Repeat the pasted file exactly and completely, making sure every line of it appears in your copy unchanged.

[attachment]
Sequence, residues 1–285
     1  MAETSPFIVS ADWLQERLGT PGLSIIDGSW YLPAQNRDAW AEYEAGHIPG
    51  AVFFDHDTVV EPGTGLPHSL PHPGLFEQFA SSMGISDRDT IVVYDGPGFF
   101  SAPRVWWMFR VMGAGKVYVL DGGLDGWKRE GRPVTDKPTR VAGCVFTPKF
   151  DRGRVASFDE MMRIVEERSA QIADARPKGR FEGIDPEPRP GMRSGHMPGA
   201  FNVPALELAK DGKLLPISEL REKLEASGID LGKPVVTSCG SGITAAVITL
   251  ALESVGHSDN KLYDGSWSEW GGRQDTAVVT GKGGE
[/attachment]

Sequence, residues 1–285
     1  MAETSPFIVS ADWLQERLGT PGLSIIDGSW YLPAQNRDAW AEYEAGHIPG
    51  AVFFDHDTVV EPGTGLPHSL PHPGLFEQFA SSMGISDRDT IVVYDGPGFF
   101  SAPRVWWMFR VMGAGKVYVL DGGLDGWKRE GRPVTDKPTR VAGCVFTPKF
   151  DRGRVASFDE MMRIVEERSA QIADARPKGR FEGIDPEPRP GMRSGHMPGA
   201  FNVPALELAK DGKLLPISEL REKLEASGID LGKPVVTSCG SGITAAVITL
   251  ALESVGHSDN KLYDGSWSEW GGRQDTAVVT GKGGE